posted by kindalike at 9:41 PM on May 29, 2010


Regarding the wrist watches part:

I don't think it's so much that it's a single purpose device but rather our world is FULL of clocks. There's a clock on every computer screen, cell phone, bank sign, cable box/DVD player/VCR, car stereo, check-out register, and microwave... those devices aren't even designed to be clocks! Put those on top of all the actual clocks in homes, businesses, schools, and so on, and that's a lot of ways to get the time. To most people, it's just plain redundant to wear a watch (I know I never wore one until I started working a job where I freqently needed to know the exact time, but even now I pretty much only wear it at work).
posted by Menthol at 10:01 PM on May 29, 2010 [1 favorite]


I don't know if I agree with a lot of this, but it's an interesting concept nonetheless.
posted by archagon at 10:10 PM on May 29, 2010


Zimbardo is a biased coot, and I found that book sooooooo repetitious. Laura Carstensen's socioemotional selectivity theory is a much more nuanced and interesting look at how one's concept of time changes across the lifespan.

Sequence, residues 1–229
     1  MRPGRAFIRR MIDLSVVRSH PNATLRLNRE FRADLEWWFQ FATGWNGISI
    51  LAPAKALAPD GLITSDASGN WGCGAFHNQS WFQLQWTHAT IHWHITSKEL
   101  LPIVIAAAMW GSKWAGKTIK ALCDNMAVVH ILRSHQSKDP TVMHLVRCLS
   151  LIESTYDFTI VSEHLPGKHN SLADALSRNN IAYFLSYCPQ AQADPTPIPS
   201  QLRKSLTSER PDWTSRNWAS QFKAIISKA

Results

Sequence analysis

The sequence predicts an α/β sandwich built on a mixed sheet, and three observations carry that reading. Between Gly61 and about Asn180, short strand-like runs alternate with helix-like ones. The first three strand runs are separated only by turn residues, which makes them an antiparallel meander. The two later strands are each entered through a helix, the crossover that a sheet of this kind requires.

posted by blazingunicorn at 10:58 PM on May 29, 2010


Regarding the wrist watches part:

Everyone I know carries a cell phone which generally defaults to a big clock face. So yeah, get off my lawn. The people I know who actually have wristwatches have them as a fashion statement rather than as a time piece.
posted by dibblda at 12:47 AM on May 30, 2010 [1 favorite]


I thought it was quite interesting, and the 'animation' was beautifully done. As a visual person, I find myself much more engaged in something with pictures and text, as opposed to someone simply talking through a lecture.
posted by Gordafarin at 2:38 PM on May 30, 2010


Thanks for the link to the test. I saw this elsewhere and didn't think to Google it.

As a high school teacher, I definitely see a lot of "the power of technology in rewiring young people's brains."
posted by NoraCharles at 6:35 PM on May 30, 2010


I don't buy the Sicilians-not-having-a-future-tense-means-they're-laidback-people idea. The Chinese language doesn't have a future tense either.
posted by storybored at 8:48 PM on May 30, 2010 [1 favorite]


I don't buy the Sicilians-not-having-a-future-tense-means-they're-laidback-people idea. The Chinese language doesn't have a future tense either.

Of course, neither does English.
posted by Bukvoed at 9:26 PM on May 30, 2010


If you imagine certain auxiliary verbs are verb endings instead it sort of does.

I enjoyed this, though, but there were a few times I got the cringe you get when they talk about the latest internet social technology on the news, or when your mum says 'cool'. I think he's wrong about video game kids not being future oriented but I can't articulate it very well because I just want to go have sex and gamble.
posted by doublehappy at 10:49 PM on May 30, 2010 [1 favorite]